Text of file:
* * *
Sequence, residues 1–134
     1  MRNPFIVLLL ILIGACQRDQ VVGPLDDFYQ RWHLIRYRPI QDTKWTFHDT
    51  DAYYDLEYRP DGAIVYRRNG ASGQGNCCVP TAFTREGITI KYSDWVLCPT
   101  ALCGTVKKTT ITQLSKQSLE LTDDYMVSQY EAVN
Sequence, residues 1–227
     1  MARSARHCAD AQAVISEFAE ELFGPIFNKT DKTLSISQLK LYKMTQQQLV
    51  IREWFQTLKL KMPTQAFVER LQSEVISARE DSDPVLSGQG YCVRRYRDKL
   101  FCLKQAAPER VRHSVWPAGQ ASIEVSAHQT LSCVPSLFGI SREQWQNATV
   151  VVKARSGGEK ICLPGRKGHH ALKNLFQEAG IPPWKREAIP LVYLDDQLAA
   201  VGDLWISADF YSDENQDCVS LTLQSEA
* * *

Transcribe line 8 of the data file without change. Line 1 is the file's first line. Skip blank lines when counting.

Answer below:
   101  FCLKQAAPER VRHSVWPAGQ ASIEVSAHQT LSCVPSLFGI SREQWQNATV